What’s your connection to Asia?
I was born and raised in Singapore and I love the fact that despite our diversity in culture, there’s always a common language that we share, music.

Favourite city in Asia for business and why?
Hands down, SINGAPORE! Although we are currently in talks to expand to other regions within Asia, Singapore is the best place for business. I have had friends asking me if they should consider venturing into entrepreneurship in Singapore, my answer is always a big fat YES! There’s a low barrier of entry, and most importantly, the government is very supportive of entrepreneurship.

What’s the best piece of advice you ever received?
I have been blessed by many people and mentors who constantly give me great advice but right now, I would say the best piece of advice that I received would be from Dr Patrick Liew who said, “Work on the business, not in it.” This advice is constantly ringing in my head as I work towards scaling the business.

Who inspires you?
My dad. My dad has always been my inspiration in life, for the amount of sacrifices that he has made for the family and the love he has for us. He was the umbrella for all the storms that my family faced and we were always safe in his shelter. Although my dad passed away after a brief fight with colorectal cancer, the lessons that he imparted to me were very valuable as I build my own family and business.

What have you just learnt recently that blew you away?
You can not buy time, but you can spend money to save time! With this realisation, I was willing to allow myself to spend some money, in order to save more time. Like taking Grab/Uber to shuttle around instead of spending time travelling on public transport. While I spend more money on travelling, I save a lot more time! This doesn’t mean that I spend lavishly and extravagantly, I am still generally prudent with my money.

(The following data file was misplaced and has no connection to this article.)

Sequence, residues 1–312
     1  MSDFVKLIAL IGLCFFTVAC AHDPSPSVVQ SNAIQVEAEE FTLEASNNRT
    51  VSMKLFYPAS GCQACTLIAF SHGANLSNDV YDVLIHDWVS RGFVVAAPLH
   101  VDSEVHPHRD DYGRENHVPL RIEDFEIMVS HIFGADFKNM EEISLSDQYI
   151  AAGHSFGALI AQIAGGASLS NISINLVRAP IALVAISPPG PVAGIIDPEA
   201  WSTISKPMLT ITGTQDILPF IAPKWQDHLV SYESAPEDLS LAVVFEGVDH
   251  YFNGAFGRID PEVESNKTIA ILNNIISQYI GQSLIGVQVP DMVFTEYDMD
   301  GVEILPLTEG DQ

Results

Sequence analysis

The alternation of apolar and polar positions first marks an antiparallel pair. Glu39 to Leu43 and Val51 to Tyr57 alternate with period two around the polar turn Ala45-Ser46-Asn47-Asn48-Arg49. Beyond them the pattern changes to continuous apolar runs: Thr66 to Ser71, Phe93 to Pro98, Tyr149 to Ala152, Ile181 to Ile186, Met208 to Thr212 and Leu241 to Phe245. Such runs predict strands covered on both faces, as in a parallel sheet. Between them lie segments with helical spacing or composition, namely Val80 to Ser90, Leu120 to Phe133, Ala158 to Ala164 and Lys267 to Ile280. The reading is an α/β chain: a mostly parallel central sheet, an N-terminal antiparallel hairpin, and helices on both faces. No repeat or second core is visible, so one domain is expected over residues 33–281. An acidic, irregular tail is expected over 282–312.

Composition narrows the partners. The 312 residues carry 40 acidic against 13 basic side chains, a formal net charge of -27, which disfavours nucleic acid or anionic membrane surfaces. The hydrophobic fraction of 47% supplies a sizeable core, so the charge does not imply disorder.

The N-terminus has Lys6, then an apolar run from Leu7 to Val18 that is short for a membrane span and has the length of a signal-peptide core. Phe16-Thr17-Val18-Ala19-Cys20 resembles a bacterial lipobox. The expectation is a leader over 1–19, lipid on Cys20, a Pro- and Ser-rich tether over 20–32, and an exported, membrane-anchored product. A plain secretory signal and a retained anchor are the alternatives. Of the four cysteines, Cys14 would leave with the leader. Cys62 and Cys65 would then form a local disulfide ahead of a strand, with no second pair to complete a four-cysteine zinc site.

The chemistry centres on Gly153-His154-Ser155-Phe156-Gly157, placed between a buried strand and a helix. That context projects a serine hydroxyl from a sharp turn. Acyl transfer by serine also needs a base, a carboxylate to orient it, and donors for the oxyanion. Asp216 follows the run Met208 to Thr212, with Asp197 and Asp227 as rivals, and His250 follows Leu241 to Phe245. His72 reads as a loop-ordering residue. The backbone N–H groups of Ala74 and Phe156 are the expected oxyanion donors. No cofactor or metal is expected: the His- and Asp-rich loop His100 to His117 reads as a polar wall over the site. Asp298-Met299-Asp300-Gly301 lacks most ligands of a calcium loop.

If you had your time again, what would you do differently?
I would have taken more time to spend with my family and especially my father. While it is important to focus our time to build our businesses, we should always try our best to allocate family time. Because as an entrepreneur, there is no such thing as “after I finish my work,” because our work is never finished. If our work finishes, the business is also finished. But our time with our family is always limited and no matter how much money and how many successes we achieve, we can never use it to trade back the time we have with our family.

How do you unwind?
I am a very simple man. I enjoy TV time with my wife and a simple dinner with my family and friends.

Favourite Asian destination for relaxation? Why?
Batam, it’s close to Singapore and there’s really nothing much to do except for massages and a relaxing resort life. If I travel to other countries for shopping or sightseeing, I am constantly thinking of business and how I can possibly expand to the country I am visiting. But while relaxing at the beach or at a massage, I tend to allow myself to drift into emptiness and just clear my mind of any thoughts.

Everyone in business should read this book:
Work The System, by Sam Carpenter. This book teaches entrepreneurs the importance of creating systems and how to leverage on systems to improve productivity and create more time.

Shameless plug for your business:
If you are looking for a team building programme that your colleagues will enjoy and your bosses will be happy with, you have to consider our programmes at TravelClef! While our programmes are guaranteed fun and engaging, it is also equipped with many team building deliverables and organizational skills.

How can people connect with you?
My email is [email protected] and I am very active on Facebook as well!
https://www.facebook.com/benjamin.christian.kwan

This interview is part of the ‘Callum Connect’ series of more than 500 interviews

Callum Laing is an entrepreneur and investor based in Singapore. He has previously started, built and sold half a dozen businesses and is now a Partner at Unity-Group Private Equity and Co-Founder of The Marketing Group PLC. He is the author two best selling books ‘Progressive Partnerships’ and ‘Agglomerate’.

Connect with Callum here:
twitter.com/laingcallum
linkedin.com/in/callumlaing
Download free copies of his books here: www.callumlaing.com